Adding It Up: The Costs and Benefits of Reproductive Health Interventions in Cameroon

Michael Vlassoff, Guttmacher Institute
Akinrinola Bankole, Guttmacher Institute
Gervais Beninguisse, Institut de Formation et de Recherche Démographiques (IFORD)
Firmin Zinvi, Institut de Formation et de Recherche Démographiques (IFORD)
Floriane Kamgaing, Institut de Formation et de Recherche Démographiques (IFORD)
Jenna Jerman, Guttmacher Institute

Reducing Cameroon’s unintended pregnancy levels would improve maternal and infant health by exposing women less frequently to the hazards of pregnancy and child-bearing, by reducing the instances of unsafe abortion, and by reducing the pressure on the health infrastructure. However contraceptive use in Cameroon is still low. The country’s level of unmet need for contraception among women of reproductive ages is estimated at 24%. In this paper we apply the techniques of the Adding It Up reports to the Cameroon context to estimate the costs to the country in investing in contraceptive services. We then estimate the benefits to Cameroon in terms of reduced maternal and infant mortality, reduced morbidity, reduced numbers of unsafe abortion, and importantly reduced costs to the health system. The paper concludes with suggestions for policy and program actions to further encourage the Cameroon government and donor agencies to invest in family planning.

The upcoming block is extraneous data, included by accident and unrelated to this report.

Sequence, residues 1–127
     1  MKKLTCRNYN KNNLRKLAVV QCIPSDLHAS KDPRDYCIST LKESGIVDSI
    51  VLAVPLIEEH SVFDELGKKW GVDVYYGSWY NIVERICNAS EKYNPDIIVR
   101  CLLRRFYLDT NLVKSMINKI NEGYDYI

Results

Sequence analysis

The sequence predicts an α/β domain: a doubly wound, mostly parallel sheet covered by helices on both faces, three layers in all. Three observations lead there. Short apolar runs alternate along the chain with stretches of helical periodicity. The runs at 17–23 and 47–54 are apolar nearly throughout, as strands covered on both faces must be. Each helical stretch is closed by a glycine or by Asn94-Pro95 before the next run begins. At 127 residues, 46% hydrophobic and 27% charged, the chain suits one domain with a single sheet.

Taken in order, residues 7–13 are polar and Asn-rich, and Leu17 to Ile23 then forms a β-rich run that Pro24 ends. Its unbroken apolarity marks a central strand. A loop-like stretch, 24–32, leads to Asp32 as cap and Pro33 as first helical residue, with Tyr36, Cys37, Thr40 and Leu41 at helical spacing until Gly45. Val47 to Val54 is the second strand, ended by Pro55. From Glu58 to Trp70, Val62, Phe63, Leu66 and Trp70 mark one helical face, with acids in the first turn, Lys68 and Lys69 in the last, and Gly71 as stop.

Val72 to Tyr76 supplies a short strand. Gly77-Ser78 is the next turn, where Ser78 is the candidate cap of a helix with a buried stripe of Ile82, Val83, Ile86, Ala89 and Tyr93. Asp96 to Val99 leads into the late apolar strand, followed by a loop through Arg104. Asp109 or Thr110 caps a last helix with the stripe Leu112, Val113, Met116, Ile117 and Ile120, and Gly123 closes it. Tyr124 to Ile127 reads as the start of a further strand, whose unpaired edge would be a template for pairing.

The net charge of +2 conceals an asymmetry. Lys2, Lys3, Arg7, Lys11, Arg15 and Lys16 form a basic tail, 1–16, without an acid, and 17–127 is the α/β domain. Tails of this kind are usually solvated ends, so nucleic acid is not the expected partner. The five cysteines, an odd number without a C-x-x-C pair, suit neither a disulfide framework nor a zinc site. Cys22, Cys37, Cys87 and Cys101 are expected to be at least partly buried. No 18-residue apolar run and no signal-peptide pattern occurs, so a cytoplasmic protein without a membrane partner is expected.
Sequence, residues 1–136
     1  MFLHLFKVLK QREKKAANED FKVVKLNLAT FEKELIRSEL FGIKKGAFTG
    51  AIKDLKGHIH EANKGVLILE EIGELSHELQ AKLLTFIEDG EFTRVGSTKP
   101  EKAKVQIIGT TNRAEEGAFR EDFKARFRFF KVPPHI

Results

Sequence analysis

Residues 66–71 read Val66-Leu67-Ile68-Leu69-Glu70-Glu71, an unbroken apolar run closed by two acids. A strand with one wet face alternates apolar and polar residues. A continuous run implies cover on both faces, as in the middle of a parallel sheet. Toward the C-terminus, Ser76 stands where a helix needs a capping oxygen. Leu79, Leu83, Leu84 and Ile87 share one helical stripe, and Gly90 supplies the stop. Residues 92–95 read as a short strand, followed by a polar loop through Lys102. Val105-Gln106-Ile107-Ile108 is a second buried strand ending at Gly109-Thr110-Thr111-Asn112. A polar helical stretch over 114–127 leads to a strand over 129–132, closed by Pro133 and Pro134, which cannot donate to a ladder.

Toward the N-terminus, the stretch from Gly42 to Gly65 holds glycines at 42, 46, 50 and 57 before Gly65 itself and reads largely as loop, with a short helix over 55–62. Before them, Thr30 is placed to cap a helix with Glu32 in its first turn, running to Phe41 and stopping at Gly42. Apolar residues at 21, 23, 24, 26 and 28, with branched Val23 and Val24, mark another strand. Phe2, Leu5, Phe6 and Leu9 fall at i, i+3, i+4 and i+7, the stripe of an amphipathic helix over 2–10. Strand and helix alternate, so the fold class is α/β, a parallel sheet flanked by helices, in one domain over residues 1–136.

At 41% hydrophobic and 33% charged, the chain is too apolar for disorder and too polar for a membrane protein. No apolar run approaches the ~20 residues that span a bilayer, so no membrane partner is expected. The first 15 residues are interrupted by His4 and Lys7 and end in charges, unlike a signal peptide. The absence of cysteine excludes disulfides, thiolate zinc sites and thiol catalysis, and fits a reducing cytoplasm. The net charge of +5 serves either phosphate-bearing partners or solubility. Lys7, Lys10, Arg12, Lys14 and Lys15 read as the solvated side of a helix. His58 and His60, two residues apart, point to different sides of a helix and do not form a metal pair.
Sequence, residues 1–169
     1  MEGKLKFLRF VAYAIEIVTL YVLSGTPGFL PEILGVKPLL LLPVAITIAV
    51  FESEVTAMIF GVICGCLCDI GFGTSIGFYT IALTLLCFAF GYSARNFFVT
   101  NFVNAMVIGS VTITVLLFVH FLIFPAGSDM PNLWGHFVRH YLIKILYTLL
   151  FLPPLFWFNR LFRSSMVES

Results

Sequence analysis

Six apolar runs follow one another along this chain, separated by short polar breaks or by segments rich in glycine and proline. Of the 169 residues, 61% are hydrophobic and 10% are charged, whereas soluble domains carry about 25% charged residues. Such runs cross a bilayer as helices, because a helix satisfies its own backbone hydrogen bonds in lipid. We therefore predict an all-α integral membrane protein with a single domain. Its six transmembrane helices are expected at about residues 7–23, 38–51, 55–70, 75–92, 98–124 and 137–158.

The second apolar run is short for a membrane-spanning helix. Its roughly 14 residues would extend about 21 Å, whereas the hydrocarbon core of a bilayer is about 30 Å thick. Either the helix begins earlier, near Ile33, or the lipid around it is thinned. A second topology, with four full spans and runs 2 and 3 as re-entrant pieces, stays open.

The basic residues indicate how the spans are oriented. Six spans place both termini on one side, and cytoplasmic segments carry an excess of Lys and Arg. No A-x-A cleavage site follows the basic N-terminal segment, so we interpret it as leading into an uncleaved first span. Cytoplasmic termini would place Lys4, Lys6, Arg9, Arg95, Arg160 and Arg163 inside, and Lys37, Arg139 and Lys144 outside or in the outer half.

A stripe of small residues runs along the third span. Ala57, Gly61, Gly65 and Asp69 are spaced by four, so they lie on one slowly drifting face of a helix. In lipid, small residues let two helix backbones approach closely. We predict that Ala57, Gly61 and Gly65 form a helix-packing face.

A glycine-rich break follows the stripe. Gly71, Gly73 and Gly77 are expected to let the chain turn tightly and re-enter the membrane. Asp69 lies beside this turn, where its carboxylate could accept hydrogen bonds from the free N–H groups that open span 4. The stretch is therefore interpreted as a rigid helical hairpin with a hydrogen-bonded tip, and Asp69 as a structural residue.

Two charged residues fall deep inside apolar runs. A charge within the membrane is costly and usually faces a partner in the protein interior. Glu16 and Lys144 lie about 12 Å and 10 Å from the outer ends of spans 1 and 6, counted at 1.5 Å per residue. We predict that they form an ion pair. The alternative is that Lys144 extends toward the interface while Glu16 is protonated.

See paper

Presented in Session 215: Reproductive and Sexual Health Policy and Politics